Accessing resources for your community only takes two simple steps. First, we ask you to fill out a brief survey that will help us and our partners understand your community's needs so that we can locate the tools and resources to address them. (Step 1 below). Then, we offer a variety of ways for you to access the support that is available to you right now. (Step 2 below).
STEP 1: TELL US WHAT YOU NEED
Complete the Community Needs Assessment to let us know the type of resources and assistance that would benefit your community’s long-term recovery and resiliency planning.
Who may complete the Needs Assessment?
Though each community may submit multiple assessments from different individuals (e.g., governing body, board, commission or Green Team member, municipal employee or consultant), we prefer to have at least one "official" response from each town, completed by the mayor or his/her designee.
If you are not a local official, your views are still important, and we encourage you to contact a local official to include your comments in an assessment.
STEP 2: GET ASSISTANCE
If you are within one of the ten Sandy-impacted coastal regions*:
EXPECT: The Network’s Resiliency Managers will be contacting your community to discuss the Network’s resources and how we might be able to assist you.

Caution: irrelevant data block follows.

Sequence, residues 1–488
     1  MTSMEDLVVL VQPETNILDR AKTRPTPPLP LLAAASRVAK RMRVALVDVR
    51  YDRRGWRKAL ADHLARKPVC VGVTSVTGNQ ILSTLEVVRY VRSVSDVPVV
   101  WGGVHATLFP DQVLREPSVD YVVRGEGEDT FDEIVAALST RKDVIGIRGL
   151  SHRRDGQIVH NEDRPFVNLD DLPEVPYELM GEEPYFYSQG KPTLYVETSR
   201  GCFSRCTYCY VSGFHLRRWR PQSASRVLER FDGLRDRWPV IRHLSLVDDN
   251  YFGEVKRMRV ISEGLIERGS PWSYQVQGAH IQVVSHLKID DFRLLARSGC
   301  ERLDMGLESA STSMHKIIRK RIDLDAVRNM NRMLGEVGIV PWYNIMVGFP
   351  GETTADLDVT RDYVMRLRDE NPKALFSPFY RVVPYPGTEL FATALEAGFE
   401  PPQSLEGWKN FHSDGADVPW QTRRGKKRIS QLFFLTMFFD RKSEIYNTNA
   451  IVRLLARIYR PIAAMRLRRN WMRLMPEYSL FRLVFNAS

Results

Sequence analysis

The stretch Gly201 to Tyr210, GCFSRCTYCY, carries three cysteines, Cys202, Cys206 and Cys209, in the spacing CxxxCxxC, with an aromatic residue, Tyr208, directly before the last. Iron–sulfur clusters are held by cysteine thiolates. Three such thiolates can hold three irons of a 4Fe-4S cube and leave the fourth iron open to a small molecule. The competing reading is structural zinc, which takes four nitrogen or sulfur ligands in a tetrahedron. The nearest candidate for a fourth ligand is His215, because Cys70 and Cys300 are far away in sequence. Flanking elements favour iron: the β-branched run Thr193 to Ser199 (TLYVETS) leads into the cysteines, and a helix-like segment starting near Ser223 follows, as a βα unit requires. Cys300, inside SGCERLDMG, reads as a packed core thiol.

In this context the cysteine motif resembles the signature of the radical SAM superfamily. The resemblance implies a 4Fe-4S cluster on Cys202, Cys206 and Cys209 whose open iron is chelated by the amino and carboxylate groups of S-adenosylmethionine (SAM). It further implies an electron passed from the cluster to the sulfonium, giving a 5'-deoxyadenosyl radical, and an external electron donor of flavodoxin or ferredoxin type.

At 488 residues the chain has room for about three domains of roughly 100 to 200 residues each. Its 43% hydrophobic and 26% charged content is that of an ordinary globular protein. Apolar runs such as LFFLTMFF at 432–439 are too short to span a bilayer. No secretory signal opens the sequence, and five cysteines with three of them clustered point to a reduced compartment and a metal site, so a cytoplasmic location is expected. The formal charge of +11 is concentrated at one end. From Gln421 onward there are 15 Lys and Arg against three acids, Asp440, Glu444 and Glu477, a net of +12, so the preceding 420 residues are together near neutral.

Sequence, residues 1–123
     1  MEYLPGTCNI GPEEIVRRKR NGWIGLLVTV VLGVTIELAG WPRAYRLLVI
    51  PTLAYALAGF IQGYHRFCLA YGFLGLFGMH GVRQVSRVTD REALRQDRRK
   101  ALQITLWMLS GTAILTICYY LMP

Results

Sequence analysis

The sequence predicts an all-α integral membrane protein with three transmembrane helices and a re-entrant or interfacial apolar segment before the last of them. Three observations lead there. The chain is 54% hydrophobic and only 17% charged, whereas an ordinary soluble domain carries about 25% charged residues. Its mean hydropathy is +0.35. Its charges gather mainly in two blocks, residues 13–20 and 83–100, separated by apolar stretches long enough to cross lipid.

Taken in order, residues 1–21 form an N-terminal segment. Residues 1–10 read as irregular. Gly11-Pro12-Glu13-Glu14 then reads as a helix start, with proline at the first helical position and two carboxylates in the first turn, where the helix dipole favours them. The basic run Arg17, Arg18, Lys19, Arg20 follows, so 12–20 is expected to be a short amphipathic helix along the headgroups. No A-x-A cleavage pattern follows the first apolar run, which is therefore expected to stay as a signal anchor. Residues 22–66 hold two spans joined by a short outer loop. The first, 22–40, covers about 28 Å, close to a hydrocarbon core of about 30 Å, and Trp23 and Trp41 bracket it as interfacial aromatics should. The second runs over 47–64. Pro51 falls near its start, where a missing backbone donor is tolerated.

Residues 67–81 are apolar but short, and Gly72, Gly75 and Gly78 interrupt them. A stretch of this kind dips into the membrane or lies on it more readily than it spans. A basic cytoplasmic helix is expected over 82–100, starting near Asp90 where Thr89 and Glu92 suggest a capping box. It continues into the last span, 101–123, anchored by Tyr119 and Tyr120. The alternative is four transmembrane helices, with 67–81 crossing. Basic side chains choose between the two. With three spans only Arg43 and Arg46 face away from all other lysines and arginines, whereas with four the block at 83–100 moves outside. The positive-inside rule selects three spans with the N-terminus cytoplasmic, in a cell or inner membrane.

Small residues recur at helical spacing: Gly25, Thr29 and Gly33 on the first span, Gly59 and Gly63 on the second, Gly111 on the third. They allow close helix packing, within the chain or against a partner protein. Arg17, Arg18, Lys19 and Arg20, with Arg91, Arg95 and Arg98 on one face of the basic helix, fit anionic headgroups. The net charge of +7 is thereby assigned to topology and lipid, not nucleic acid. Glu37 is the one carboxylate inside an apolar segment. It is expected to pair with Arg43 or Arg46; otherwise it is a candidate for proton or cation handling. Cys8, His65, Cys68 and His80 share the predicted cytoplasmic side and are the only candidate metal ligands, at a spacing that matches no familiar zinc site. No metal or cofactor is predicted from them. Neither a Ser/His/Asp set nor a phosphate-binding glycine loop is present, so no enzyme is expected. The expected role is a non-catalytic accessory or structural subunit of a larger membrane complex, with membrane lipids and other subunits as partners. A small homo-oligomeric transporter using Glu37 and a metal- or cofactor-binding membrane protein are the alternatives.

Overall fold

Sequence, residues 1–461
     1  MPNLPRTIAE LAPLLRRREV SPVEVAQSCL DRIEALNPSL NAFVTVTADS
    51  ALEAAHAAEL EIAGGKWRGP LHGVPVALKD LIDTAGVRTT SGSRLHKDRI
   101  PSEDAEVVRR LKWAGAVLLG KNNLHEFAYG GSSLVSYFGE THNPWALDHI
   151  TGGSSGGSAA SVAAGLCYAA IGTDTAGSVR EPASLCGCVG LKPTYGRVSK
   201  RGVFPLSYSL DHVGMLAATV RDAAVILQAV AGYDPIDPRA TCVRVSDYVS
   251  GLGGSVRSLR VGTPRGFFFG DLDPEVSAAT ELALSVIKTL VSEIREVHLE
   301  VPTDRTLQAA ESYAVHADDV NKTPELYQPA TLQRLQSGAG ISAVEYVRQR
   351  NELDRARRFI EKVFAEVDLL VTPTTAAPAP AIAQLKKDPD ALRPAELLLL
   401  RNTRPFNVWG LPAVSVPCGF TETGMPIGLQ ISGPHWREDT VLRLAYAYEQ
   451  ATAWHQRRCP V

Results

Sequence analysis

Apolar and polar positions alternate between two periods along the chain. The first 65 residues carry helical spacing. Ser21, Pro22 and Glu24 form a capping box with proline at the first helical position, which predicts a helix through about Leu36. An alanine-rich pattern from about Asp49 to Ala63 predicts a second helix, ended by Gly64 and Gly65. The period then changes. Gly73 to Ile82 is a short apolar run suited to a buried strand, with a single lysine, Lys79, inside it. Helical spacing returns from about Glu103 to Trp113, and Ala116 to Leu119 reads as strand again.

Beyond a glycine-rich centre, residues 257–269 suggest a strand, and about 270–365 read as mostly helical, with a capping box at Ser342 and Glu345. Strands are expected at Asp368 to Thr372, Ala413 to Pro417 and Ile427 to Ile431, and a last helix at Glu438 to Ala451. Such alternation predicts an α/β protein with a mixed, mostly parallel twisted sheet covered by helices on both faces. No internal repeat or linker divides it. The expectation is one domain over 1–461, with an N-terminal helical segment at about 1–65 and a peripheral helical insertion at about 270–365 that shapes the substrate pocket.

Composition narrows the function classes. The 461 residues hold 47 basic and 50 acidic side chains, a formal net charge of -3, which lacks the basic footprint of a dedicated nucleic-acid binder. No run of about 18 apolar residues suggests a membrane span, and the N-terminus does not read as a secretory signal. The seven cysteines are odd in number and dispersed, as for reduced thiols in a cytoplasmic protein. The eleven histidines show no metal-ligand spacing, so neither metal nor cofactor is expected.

OPTION: If your community has immediate needs, you do not need to wait for a Resiliency Manager to contact you. To request assistance, please contact the Network at firstname.lastname@example.org.
If you are not within the ten Sandy-impacted coastal regions:
EXPECT: You will have direct access to the Network’s Resource Database.
OPTION: Broad-based assistance is available through the Network, such as multi-jurisdictional meetings and trainings. To request assistance, please contact the Network at email@example.com.
*The ten Sandy-impacted coastal regions are the counties of Atlantic, Bergen, Cape May, Cumberland, Essex, Hudson, Middlesex, Monmouth, Ocean, Union.
Learn more about the resources and assistance offered by The Network.
Image: Hurricane Sandy damage in Belmar, New Jersey. (Photo by Tim Larsen, NJ Governor's Office)